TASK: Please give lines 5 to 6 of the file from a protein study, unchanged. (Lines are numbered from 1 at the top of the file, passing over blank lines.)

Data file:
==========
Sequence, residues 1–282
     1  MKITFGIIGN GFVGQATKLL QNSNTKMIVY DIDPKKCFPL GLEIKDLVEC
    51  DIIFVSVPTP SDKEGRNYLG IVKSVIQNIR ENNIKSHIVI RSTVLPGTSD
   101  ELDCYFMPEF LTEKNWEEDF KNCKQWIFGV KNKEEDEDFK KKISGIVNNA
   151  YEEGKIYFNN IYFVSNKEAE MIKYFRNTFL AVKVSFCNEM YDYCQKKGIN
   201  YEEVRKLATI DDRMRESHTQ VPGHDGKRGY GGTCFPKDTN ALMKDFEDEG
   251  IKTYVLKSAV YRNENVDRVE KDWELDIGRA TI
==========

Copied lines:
   151  YEEGKIYFNN IYFVSNKEAE MIKYFRNTFL AVKVSFCNEM YDYCQKKGIN
   201  YEEVRKLATI DDRMRESHTQ VPGHDGKRGY GGTCFPKDTN ALMKDFEDEG